What is Dyslexia

What is Dyslexia?  What Causes Dyslexia?  What can be done about it?

The definition of dyslexia used by the National Institutes of Health and the International Dyslexia Association: Dyslexia is a specific learning disability that is neurological in origin. It is characterized by difficulties with accurate and/or fluent word recognition, and by poor spelling and decoding abilities. These difficulties typically result from a deficit in the phonological component of language that is often unexpected in relation to other cognitive abilities and the provision of effective classroom instruction. Secondary consequences may include problems in reading comprehension and reduced reading experience that can impede growth of vocabulary and background knowledge.

Dyslexia Subtypes and Symptoms taken from


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ORTHOGRAPHIC DYSLEXIA

    Orthographic awareness is the ability to perceive and recall letters, letter strings and words.  This ability helps students to establish detailed visual or mental representations of letter strings and words and to have rapid, fluent access to these representations.  Orthographic dyslexia is a term used to describe students whose reading and spelling problems are characterized by poor memory of letter strings.  The following are characteristics of orthographic dyslexia:
Symbol Recognition and Recall Difficulties
  • Difficulty learning how to form symbols
  • Confusion of symbols similar in appearance (e.g., b and d, n and u, 2 and 5)
  • Trouble with near-point and far-point copying tasks
  • Tendency to reverse letters or numbers past the age of 7
Word Identification (Decoding)
  • Trouble with accurate and rapid word recognition
  • Trouble reading exception or irregular words
  • Trouble remembering how words look
  • Trouble remembering letter sequences
  • Over-reliance on phonological and contextual strategies as aids in word identification
  • Slow reading speed
Spelling (Encoding)
  • Tendency to reverse and transpose letters (eg, grils for girls)
  • Tendency to use different spellings for the same word (eg, Pual and Paul)
  • Tendency to over-rely on phonological rather than visual features of words
  • Tendency to omit word endings
 Calculating 
  • Tendency to reverse and transpose digits (eg, 12 for 21)
  • Trouble learning and retaining basic math facts
  • Difficulty counting in a sequence (eg. counting by 2)
  • Trouble solving multistep problems




PHONOLOGICAL DYSLEXIA

   The auditory block consists of two major components: verbal short term memory and phonological awareness.  Verbal short-term memory is the ability to repeat information immediately after hearing it.  Poor verbal short term memory is one of the most frequently reported cognitive characteristics of individuals with severe reading disabilities.  Phonological awareness is an oral language ability that refers to the ability to attend to various aspects of the sound structure of speech.  This metacognitive understanding involves the realization that spoken language is made up of a series of sounds that are arranged in a particular order.  Some students have weaknesses in both short-term memory and phonological awareness.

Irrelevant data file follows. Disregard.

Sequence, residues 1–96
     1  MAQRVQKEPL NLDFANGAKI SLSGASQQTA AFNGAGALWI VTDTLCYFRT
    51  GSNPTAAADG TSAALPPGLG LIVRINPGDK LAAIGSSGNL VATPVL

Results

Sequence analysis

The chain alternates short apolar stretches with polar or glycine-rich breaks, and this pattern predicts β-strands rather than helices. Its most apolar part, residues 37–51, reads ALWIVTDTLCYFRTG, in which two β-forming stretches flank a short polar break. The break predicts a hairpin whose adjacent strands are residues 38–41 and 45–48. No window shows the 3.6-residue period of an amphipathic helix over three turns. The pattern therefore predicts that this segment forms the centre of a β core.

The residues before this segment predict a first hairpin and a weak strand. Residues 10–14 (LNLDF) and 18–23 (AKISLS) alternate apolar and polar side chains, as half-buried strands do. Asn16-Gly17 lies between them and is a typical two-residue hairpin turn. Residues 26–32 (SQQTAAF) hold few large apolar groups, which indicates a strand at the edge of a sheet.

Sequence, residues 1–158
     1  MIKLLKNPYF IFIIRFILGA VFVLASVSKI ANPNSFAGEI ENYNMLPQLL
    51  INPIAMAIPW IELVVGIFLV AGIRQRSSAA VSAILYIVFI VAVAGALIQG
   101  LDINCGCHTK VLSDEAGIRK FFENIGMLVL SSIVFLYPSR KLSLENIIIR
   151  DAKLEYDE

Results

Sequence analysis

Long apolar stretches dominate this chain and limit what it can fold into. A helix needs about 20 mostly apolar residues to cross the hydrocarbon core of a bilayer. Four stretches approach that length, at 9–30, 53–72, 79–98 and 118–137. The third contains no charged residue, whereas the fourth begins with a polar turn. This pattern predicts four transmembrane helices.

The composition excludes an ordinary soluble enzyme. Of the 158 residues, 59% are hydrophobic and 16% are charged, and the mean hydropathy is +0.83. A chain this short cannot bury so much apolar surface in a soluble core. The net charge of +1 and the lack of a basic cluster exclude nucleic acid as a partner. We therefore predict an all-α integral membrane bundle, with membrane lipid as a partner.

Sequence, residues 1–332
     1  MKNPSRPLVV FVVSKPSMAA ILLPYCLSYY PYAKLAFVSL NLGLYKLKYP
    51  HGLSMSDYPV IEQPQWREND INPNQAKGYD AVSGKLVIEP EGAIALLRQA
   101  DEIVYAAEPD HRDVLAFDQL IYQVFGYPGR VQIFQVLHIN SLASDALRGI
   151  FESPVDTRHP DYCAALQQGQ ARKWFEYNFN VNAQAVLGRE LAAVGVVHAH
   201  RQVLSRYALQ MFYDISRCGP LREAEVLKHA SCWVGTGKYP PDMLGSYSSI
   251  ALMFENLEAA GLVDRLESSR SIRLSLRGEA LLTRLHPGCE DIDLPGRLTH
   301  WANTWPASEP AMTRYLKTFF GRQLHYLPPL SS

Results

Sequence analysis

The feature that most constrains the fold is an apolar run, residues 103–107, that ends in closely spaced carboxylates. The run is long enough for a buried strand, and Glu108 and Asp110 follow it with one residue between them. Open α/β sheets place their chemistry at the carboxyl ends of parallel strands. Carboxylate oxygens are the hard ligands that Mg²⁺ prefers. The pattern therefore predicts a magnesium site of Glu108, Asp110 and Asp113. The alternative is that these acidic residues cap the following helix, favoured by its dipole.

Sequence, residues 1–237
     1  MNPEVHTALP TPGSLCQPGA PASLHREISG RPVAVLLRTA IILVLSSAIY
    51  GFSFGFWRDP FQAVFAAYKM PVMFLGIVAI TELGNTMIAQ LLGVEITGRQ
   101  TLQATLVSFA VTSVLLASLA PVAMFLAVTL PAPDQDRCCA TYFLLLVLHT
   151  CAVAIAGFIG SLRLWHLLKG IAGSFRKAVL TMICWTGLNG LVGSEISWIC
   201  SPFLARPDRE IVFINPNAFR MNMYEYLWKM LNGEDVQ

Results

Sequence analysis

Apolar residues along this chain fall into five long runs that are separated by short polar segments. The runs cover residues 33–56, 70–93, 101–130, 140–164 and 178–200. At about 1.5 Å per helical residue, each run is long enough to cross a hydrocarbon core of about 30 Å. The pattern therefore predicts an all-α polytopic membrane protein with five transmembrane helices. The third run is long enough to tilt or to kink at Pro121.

Phonological dyslexia refers to a problem with the acquisition of decoding or encoding skills that is caused by difficulty with manipulating and integrating the sounds of a language effectively.  These impairments comprise the most common characteristics of individuals with dyslexia.  Students with phonologically based reading impairments perform poorly on measures of phonological awareness, as well as measures involving the application of speech sounds to letters, such as non-word reading and spelling tests.  Phonological skills are related significantly to spelling performance through high school.  The following are characteristics of phonological dyslexia:
Early Speech/Language Difficulties

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  • Articulation errors
  • Mispronunciations of multi-syllabic words
 Word Identification (Decoding)
  • Trouble with remembering sound-symbol relationships
  • Confusion with similar-sounding sounds (eg. /b/ and /p/)
  • Over-reliance on whole-word and contextual cues
  • Difficulty sequencing sounds in words
  • Trouble with pronouncing multi-syllabic words
  • Trouble pronouncing phonically regular nonsense words
  • Difficulty applying phonics to pronounce unfamiliar words
  • Slow reading rate
Spelling (Encoding)
  • Confusion of sounds (eg. vowels, voiced and unvoiced consonant pairs)
  • Difficulty sequencing sounds
  • Tendency to include a few unnecessary sounds
  • Tendency to omit some sounds
  • Difficulty representing each syllable
  • Tendency to rely on the visual features of words rather than letter-sound relationships
     Students can also demonstrate weaknesses in verbal short-term memory that are likely to affect the development of computational skill.  A student may struggle to follow directions, memorize counting patterns, and keep pace with oral drills in the classroom.